The problem with the pineapple is that when it starts to ripen it can’t wait. You can’t wait long to harvest it in order to get a better price. You have to pick it when it is ready. If you don’t, it falls off the plant and rots. It has been a long time since there has been such an abundance of this product. Many farmers have gone under. In our country they aren’t planting in a planned manner. When the pineapple is selling for a good price all the farmers plant pineapple because they think they will make money, but when the harvest comes the price falls, because apparently many people have had the same thought.

We think we can plant some pineapple, but just enough for what we consume in the home, and that can be managed by the personnel in agriculture. Since we have enough seeds, we can plant in phases (different times) and only good seeds, and that way we’ll have first class harvests in more than one time during the year.

Well, I am letting you know about this project, but when the harvest is over we’ll know the final results. Maybe in one or two months the prices will go up, because there will be less pineapple, but we will also have very little. We have harvested about 60% of the fruit.

Special Need in the Dominican Republic

Monday, June 22nd, 2009

Click on the picture below to find out more informaiotn about a special need at the Las Palmas Children’s Village in the Dominican Republic.

Las Palmas Graduates Share their Reflections about ICC

Wednesday, December 24th, 2008

Earlier this month, two of ICC’s children completed their university studies in the Dominican Republic and graduated.  Here are their reflections about ICC:

“ICC, through the Hogar Campestre [Las Palmas], has influenced my life in a marvelous way.  I managed to feel prepared physically, emotionally and spiritually to face the rest of my life.  I will feel eternally grateful for the professional preparation given to me  and for the Christian principles that I have adopted.  The Hogar has been a fountain for dreams and imaginings – it has been motivation for success.  Thank God, the 7th of December I will graduate with honors.  I am certain that I will continue, with God’s help, to fulfil His plan for my life.”  Name Changed to Protect Privacy

“The Hogar Campestre has significantly impacted my life.  Through this institution I have managed to acquire an integral formation (preparation), and a healthy growth, physically, socially and spiritually.  Having received the support of ICC for my development as a person is a great sign that God loves me and is interested in me and my salvation.  With my Hogar Campestre family I have learned that I can’t live just for myself – there always has to be room for others; that we don’t have to panic about the things of this life because everything will pass. It is important to value and respect the differences in others. We each have different qualitities which make us special and inique, and this is essential for the world to be dynamic and full of life.  God has a purpose and plan for each life, and I am part of God’s puzzle – nothing happens by chance.  For those whom God loves, all things work together for good, even those things in life which seem unfair to us.  I profoundly thank God for giving me the opportunity to be part of the fmaily of ICC, who prepares and forms children and young people for the heavenly kingdom.  Sincerely, with all my heart, thank-you.  May God always bless you.”  Name Changed to Protect Privacy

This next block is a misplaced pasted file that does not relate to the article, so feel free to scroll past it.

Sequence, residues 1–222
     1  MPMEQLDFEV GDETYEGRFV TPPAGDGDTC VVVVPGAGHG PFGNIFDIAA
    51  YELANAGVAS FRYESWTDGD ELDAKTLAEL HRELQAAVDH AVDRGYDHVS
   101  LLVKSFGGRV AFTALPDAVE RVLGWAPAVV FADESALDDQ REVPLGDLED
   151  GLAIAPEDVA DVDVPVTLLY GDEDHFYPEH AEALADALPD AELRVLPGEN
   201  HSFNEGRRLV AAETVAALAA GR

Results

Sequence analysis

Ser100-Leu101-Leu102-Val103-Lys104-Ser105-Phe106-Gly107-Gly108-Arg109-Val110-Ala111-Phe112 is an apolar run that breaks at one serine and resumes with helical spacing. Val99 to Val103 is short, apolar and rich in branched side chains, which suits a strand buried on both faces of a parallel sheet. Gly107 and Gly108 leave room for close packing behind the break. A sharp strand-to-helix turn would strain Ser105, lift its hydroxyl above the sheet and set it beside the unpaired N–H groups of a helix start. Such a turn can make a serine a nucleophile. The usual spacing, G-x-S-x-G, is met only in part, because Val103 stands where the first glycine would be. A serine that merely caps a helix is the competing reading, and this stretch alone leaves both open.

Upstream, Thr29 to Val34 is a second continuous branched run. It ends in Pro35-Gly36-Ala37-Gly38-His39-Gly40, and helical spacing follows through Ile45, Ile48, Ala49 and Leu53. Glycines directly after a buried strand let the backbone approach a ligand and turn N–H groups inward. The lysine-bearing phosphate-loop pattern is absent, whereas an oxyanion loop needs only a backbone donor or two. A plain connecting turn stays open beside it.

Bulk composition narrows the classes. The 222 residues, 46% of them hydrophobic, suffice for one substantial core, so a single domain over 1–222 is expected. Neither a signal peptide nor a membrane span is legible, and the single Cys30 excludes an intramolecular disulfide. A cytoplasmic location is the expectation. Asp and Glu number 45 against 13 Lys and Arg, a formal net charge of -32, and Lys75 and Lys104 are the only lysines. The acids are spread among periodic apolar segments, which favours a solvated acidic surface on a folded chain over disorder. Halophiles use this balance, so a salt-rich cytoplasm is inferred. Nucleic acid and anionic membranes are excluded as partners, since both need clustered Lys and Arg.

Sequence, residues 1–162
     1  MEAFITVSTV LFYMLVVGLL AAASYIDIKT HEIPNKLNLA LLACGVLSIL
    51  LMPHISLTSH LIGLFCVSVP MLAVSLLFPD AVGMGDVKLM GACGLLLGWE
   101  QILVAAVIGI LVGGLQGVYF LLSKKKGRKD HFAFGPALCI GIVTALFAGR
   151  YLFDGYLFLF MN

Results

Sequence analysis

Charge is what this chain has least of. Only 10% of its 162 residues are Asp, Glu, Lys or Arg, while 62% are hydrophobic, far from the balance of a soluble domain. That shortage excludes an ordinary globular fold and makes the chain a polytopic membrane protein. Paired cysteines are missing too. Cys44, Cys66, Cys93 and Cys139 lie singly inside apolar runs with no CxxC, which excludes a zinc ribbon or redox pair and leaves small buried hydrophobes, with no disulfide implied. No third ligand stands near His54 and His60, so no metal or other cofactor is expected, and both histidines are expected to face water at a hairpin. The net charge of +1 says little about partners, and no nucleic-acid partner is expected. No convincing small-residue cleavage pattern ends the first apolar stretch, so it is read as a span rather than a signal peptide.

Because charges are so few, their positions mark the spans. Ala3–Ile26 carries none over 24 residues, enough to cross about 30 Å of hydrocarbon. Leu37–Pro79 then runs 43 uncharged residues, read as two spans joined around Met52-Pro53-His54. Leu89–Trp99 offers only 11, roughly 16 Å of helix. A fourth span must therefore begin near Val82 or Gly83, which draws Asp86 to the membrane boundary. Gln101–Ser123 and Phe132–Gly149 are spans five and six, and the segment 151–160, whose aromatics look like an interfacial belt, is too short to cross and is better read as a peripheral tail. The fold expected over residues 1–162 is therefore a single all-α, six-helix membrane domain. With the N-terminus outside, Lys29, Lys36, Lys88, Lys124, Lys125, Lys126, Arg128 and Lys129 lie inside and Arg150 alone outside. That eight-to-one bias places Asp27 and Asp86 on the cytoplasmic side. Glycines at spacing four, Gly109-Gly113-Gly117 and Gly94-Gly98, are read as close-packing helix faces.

Fatima and Julio

Las Palmas Graduates

Pineapples Thriving at Las Palmas Children’s Village

Thursday, November 6th, 2008

Just received today – a report and pictures from the Las Palmas children’s village in the Dominican Republic.  The pineapple project is doing very well.  The report stated that “of the ones that have grown naturally without putting on a chemical to get them to germinate we have about 400.  But now, with the chemical product, about 6000 have germinated of the better plants.”   

In one of the photos below there are three pineapples on a table.  The report continued by saying “…you can see the three pineapples that we harvested today, whose value will be taken to the church as an offering of thanks.” 

First Fruits

First Fruits

 

Pineapple Project Thriving

Pineapple Project Thriving